“The current political moment calls for people of color and disenfranchised people to be at the head of work,” says Jeaninne Kayembe, co-executive director of Urban Creators, a Racial & Economic Justice Fund grantee.
Kayembe, Alex Epstein, and Devon Bailey founded Urban Creators in 2010 with a vision of empowering the community by providing resources and opportunities and helping young people develop leadership skills. Urban Creators’ organizing work reflects the legacy of artist activists like Arthur Hall and Lily Yeh of the Village of Arts and Humanities.
Urban Creators intentionally builds community through events like Hoodstock, an annual festival now in its fourth year that brings together local businesses, artists, and community members to celebrate art, activism, and farming in North Philly.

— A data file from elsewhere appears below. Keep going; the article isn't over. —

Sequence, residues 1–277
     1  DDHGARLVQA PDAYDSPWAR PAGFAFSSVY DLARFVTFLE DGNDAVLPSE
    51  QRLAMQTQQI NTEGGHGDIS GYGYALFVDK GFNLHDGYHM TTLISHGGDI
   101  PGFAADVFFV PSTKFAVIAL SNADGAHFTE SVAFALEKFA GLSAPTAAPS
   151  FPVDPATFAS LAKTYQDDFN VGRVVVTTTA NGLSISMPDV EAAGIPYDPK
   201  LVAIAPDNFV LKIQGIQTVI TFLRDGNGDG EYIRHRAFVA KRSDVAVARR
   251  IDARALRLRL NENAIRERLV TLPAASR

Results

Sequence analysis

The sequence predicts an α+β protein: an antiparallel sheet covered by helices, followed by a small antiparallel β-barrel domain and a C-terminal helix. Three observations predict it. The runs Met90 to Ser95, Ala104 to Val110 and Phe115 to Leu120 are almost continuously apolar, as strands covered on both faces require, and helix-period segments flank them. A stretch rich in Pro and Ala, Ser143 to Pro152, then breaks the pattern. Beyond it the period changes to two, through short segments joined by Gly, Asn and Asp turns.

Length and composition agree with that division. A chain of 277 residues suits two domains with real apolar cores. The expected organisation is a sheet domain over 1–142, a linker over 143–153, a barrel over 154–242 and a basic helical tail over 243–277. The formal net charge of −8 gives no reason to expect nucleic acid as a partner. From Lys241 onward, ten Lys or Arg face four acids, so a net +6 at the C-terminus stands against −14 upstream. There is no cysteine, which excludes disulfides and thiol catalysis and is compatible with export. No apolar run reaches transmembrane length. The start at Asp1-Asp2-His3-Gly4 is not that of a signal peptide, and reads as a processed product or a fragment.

Kayembe notes that although the organization cultivates an intergenerational space, it also amplifies youth voices in its work. “There’s a lot of ageism in the nonprofit world,” says Kayembe. “We are showing the world what young people can do to change that world.”
Throughout the year, Urban Creators hosts youth leadership programs at Life Do Grow, the organization’s urban farm and community center. The youth apprentice program hires six young people from the immediate neighborhood to learn gardening and to engage in political education about food systems, gentrification, and institutional racism.
“We’re confronting the myth that urban agriculture in Philadelphia is white and male,” Kayembe says. “We work with marginalized folks, creating ideas and initiating work. We’re also challenging stereotypes around what women can do.”
In the future, Kayembe says, Urban Creators plans to train youth apprentice program alumni to run the program. “We’re a moving, breathing, living organism,” says Kayembe. “We’ll always be moving in a way that responds to community needs whatever the political climate is.”